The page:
What was the impetus for you to write The 7 Habits of Highly Effective People?
It was over about a 20-year period. I got the concept of a public victory following a private victory. The first three habits represent the private victory and the next three represent the public victory. One of the most significant events that triggered this is coming across a statement in Hawaii, from a book. It read, “Between stimulus and response there is a space. In that space, lies our power and our freedom to choose our response. In those choices, lie our growth and our happiness.” That was tremendously significant to me, and developed the first habit, to be proactive.
Why do you think the book was so successful?
I think it’s because it was based on universal and timeless principles. And teaches you how to become independent and interdependent. I think that’s why it works well. They’ve sold 10 million copies in China. They don’t respect intellectual property, but 10 million copies were sold. Millions in India.
How do you feel the world has changed since the book was released?
I think the biggest thing is true empowerment, where individuals are not just empowered to find their voice and achieve their potential. I can ask audiences what percentage of you have found our voice. And usually it’s 10 or 20%. Most people are into victimism and into the Industrial Age model of top down command and control. They’re not culturally empowered or individually empowered.
How has your process changed from 7 Habits to later books?
The way I write is to not to just sit down and write. It’s to teach, and to constantly interact with the audience. So that you’re constantly in the head of the reader or the listener, rather than in your own head. I am sent about 30 books a month for endorsement purposes. And I can tell you whether the book will work or not within 10 minutes–is it in the head of the writer or the head of the reader? Does it deal with the needs and challenges of the reader, or the writer? I think The 7 Habits is so immersed in the head of the reader, that’s why it works.
I’m working on a book right now called The Third Alternative. I have ten other books that will follow it, that illustrate it in different fields of human behavior, such as education, government, international diplomacy, retirement–the one in retirement is called Live Life in Crescendo, meaning the most important work you’ll ever do is ahead of you, never behind you, therefore, never retire from making meaningful contributions to society. The key to life is not accumulation. It’s contribution.
Another book is one for attorneys. I’m working with a federal judge on that one. Another one is The End of Crime. It shows that up in the Richmond area of Vancouver, where the Olympics were, how by cultural empowerment and by police giving twice as many positive tickets–catching people doing good things–rather than just negative things, that crime goes down 85 to 90%. And recidivism goes down to less than 5%–normally it’s 55%. People get deeply immersed and involved in crime. And they get trained further in prison. By working with little children and teens, police get very involved with business partners that redeem these positive tickets with entertainment packages, food packages, and so forth.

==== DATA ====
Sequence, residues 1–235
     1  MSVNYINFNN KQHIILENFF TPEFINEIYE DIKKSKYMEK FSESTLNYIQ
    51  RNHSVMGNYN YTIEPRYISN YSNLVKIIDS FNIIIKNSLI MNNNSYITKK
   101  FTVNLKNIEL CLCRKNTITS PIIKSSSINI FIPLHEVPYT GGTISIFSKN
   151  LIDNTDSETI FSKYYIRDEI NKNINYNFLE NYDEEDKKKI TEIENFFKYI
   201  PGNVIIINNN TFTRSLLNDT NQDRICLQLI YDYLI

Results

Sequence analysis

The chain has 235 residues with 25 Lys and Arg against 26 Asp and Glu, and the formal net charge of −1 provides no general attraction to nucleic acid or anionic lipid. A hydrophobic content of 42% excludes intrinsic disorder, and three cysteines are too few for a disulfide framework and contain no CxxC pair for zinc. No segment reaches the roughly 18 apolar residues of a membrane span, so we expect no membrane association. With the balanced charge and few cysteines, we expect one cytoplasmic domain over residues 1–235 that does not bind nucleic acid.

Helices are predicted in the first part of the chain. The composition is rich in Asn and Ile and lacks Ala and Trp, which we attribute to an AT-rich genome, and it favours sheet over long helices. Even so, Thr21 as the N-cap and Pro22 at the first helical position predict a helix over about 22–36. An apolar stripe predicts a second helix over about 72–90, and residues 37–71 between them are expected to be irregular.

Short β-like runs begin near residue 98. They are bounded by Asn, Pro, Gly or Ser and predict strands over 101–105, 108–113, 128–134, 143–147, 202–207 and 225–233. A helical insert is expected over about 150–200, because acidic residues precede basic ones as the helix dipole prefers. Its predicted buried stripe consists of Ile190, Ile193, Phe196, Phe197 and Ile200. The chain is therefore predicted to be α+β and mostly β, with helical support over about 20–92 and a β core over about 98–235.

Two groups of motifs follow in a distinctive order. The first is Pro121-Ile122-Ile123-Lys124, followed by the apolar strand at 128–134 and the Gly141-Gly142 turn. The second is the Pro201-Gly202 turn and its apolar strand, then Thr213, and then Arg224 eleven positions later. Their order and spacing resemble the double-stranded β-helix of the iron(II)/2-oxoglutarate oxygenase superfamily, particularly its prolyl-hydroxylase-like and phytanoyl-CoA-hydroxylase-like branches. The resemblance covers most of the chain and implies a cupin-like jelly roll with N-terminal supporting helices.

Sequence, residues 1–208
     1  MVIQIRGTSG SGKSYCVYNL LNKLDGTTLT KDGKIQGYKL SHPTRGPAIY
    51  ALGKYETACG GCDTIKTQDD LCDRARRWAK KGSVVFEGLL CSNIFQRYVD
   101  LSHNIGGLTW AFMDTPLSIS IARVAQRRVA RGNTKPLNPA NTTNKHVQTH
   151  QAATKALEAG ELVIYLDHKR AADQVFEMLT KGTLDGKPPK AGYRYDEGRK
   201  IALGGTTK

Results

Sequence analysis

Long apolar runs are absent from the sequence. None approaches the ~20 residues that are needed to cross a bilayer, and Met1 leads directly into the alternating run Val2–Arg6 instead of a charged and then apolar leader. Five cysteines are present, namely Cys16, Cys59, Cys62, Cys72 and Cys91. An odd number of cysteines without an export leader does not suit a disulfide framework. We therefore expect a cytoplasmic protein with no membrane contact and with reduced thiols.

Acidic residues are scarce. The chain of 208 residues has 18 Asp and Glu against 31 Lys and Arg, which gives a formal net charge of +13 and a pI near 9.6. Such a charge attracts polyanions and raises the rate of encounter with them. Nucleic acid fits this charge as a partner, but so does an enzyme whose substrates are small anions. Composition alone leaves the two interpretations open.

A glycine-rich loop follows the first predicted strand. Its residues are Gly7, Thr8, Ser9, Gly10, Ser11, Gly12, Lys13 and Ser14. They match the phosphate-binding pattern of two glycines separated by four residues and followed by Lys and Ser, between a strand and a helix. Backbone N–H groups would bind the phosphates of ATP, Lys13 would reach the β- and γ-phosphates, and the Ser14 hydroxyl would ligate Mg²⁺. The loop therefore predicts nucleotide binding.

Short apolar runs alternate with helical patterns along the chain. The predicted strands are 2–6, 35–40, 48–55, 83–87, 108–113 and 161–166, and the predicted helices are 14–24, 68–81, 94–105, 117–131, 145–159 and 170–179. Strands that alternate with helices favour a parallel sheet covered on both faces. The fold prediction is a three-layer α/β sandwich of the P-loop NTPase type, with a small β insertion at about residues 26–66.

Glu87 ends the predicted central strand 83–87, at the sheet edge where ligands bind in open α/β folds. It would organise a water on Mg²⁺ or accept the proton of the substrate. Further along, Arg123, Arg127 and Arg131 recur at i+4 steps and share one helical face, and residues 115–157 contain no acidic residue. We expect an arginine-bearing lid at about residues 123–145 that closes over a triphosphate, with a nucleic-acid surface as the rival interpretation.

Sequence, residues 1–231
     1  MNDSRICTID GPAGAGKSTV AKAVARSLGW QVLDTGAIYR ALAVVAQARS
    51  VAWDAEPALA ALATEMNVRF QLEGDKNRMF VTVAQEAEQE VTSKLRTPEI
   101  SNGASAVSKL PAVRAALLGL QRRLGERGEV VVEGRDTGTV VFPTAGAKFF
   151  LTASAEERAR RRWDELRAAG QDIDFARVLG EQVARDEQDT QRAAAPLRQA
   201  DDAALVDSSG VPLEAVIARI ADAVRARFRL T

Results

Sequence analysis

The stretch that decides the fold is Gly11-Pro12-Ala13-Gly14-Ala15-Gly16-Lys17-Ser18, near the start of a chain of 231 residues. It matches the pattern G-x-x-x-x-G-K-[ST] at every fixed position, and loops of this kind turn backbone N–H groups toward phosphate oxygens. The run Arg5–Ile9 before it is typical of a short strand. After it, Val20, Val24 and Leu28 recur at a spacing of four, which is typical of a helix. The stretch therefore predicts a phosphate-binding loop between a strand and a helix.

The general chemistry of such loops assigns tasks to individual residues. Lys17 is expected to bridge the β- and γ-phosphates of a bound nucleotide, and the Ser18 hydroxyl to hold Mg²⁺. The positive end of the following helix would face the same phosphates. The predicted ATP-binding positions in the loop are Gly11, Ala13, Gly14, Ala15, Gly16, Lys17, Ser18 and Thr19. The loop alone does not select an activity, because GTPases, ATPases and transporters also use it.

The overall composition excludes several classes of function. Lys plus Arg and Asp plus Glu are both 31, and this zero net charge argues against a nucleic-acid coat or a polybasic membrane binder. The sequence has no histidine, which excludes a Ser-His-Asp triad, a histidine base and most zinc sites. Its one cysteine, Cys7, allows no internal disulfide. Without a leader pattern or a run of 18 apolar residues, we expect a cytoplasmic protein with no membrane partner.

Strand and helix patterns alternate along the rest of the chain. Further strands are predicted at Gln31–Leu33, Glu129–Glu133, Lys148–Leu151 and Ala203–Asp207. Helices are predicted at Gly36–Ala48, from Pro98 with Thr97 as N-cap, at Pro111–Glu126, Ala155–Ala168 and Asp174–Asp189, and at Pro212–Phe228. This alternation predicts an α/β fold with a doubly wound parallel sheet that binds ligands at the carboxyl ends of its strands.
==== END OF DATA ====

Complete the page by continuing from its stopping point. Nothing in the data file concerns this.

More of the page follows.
Your son wrote a book, The Speed of Trust. Did you give him any tips?
Lots. To get into the head of the reader, instead of the writer. He deals with organizational trust, and trust in relationship. Showing that when trust is high, speed goes up, and costs go down. When trust is low, speed goes down, and costs go up. And I have another son that wrote 7 Habits of Highly Effective Teens and he just wrote one for little children, illustrating a book that I wrote called The Leader Within, showing that if you treat children as leaders, they have so little to unlearn and so much to learn that they are developed and capacitated to perform their functions in life superbly well. In almost every case where this has been adopted by a school, academic scores go up, discipline problems go to almost nothing, teacher and parent and administrator enthusiasm goes through the roof.
You mentioned getting in the reader’s head. Anything else that makes a good business book?
I think the insights have to be profound, so that it’s not just the same old stuff. I think it should be based on principles that are universal and timeless.
What are your favorite business books, and why?
One of my favorites is Peter Drucker’s book The Effective Executive, which I studied in my schooling. I’ve always been an admirer of Peter Drucker. The main one I like to study is the scriptures, because I believe them so deeply and I ponder them in depth almost every morning and night. And another one I really enjoy is Man’s Search for Meaning, by Viktor Frankl. I used to tour with him. He’s the one that wrote that book about his experiences in the death camps of Nazi Germany. He also had a sense of the importance of building a Statue of Responsibility, on the west coast–the equivalent of the Statue of Liberty on the east coast. That you have to use your liberty responsibly.
Stephen R. Covey is the author of The 7 Habits of Highly Effective People.